Saturday, January 20, 2018

A Bridge Too Far



Newly-inaugurated governor Phil Murphy of New Jersey has gone off the deep end.

Proof ironically comes from an Obama-era program. A June, 2012 memorandum from Department of Homeland Security secretary Janet Napolitano set forth the rationale for the Deferred Action for Childhood Arrivals by "the exercise of our prosecutorial discretion."

DACA did not establish "amnesty" for the children who arrived in the USA under the age of sixteen. and were on that date under the age of 31. They were required to have"continuously resided" in the country since 6/15/07 and been currently in school, a graduate of high school or possessor of a GED, or an honorably discharged veteran.

And criminals need not apply. Napolitano wisely required the indiviudal not to have "been convicted of a felony offense, a significant misdemeanor offfense, multiple misdemeanor offenses, or otherwise pose a threat to national security or public safety."

On January 17 MSNBC's Chuck Todd (transcript here; relevant portion of the video at 3:20) asked Murphy about the Office of Immigrant Defensive Protection which the governor wishes to create. The New Jersey Democrat responded

Before Donald Trump got elected, we spoke about driver`s licenses for everybody regardless of status, statewide identification cards, instate tuition or financial aid for “dreamers,” then Donald Trump gets elected. And we still stand for all those.

The state of New Jersey is in a fiscal crisis, exacerbated by the disastrous eight-year reign of Chris Christie. Its public pension debt (and property tax burden) are the greatest in the nation, the latter driving residents (especially the elderly) to move out-of-state.

In response, Phil Murphy wants to give a break in tuition to immigrants who are not citizens and under current policy, will not be citizens. They would pay lower tuition in New Jersey state schools than residents in towns in Pennsylvania, Delaware, or New York State bordering New Jersey.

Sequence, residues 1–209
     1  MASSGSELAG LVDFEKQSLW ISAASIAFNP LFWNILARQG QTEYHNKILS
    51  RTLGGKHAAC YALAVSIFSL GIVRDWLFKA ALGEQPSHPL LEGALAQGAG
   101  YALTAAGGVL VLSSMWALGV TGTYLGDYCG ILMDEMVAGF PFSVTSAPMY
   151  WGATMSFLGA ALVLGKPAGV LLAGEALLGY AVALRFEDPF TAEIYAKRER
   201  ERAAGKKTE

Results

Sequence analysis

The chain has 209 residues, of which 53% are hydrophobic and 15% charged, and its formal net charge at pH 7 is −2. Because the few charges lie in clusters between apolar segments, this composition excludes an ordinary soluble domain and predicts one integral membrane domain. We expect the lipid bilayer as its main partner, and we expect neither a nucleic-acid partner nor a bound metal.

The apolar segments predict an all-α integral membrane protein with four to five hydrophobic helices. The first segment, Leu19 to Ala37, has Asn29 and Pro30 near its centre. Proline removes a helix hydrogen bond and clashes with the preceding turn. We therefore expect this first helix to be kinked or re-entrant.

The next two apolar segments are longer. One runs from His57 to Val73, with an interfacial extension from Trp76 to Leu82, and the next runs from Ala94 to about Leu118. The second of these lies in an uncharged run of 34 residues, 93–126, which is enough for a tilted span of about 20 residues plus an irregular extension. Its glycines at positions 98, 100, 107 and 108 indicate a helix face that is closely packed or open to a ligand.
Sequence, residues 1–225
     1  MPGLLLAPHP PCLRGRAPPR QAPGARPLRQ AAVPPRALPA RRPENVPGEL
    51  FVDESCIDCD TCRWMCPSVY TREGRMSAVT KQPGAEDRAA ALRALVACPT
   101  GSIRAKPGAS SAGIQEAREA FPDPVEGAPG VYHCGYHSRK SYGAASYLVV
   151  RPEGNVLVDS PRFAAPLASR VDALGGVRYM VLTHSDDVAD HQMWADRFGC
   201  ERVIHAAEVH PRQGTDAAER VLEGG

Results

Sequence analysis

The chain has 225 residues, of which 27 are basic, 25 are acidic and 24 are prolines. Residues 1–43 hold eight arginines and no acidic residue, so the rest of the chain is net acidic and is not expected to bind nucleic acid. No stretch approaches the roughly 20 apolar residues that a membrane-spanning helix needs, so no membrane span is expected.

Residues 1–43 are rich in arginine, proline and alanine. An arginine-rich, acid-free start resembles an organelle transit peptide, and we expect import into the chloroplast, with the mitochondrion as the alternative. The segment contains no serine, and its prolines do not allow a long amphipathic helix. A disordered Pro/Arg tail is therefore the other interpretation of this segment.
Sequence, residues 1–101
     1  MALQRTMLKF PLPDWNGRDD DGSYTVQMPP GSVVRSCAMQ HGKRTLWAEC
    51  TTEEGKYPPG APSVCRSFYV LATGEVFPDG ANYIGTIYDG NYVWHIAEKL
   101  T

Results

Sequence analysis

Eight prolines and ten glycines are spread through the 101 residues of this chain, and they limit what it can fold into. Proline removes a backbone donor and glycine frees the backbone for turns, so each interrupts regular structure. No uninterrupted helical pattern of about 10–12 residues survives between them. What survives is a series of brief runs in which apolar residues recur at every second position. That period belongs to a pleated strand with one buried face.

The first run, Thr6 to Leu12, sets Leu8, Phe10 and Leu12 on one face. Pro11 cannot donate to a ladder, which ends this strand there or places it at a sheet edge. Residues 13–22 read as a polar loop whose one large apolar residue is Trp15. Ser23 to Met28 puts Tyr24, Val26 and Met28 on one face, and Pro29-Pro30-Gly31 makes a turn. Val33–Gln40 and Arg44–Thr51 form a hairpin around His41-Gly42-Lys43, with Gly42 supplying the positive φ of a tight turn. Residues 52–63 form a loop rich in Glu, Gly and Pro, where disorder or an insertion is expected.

Murphy also  would like "driver's licenses for everybody regardless of status," which evidently would include illegal immigrants. He might want to be reminded that one Hillary R. Clinton, who in 2007 was on the fast track for the Democratic nomination for President. She was riding high before she ran into a roadblock, courtesy of rival Chris Dodd:





Had the late Tim Russert never asked this question, it is very likely Senator Barack Obama never would have been nominated and become President Obama.

Murphy's other immigration proposal contrasts with the DACA policy established in 2012. Todd asked him "among this (illegal immigrant) population), what should be enough to get you deported? If you were brought here, what should be enough to get you deported." Murphy replied

I think what we`ve done and the president has done this, it was  done in our campaign, we`ve crossed the wires between criminal justice and law enforcement on the one hand and immigrant status on the other hand. There is nothing inconsistent.

In fact, I think they add to each other with being really tough on law enforcement but being a welcoming state and community that people could come out of the shadows and feel free to engage with police and other community leaders. If you commit a crime, you ought to be prosecuted to the fullest extent of the law.





Remarkably, Murphy's only concession to law enforcement was "if you commit a crime, you ought to be prosecuted to the fullest extent of the law," which means..... nothing.

No politician ever would recommend someone not be "prosecuted to the fullest extent of the law." But he says nothing about what the law should be. Nor does he indicate whether once someone is prosecuted and convicted, he or she should be deported or instead allowed to remain in the state.

It's not hard to figure out why. DACA required the individual not be a felon or repeated misemeanant. Murphy would require no such thing, though he was by the question invited to concede that breaking the law would be a deal-breaker. Obeying the law should be a minimum, as the Obama Administration understood.

The governor of New Jersey would be more humane to both immigrants and non-immigrants were he to ensure that all residents, legal or illegal, receive basic human services, or better.

But citizenship, or the effort to obtain it, means something. Certain benefits, including access to a driver's license, in-state tuitiion, and protection against deportation should be conveyed to persons exclusive of those who are here (illegally or as Dreamers) who are precluded from being citizens. If Murphy attempts to follow through on the agenda he laid out to Todd, the Governor will be courting trouble both for himself and Democrats in New Jersey.




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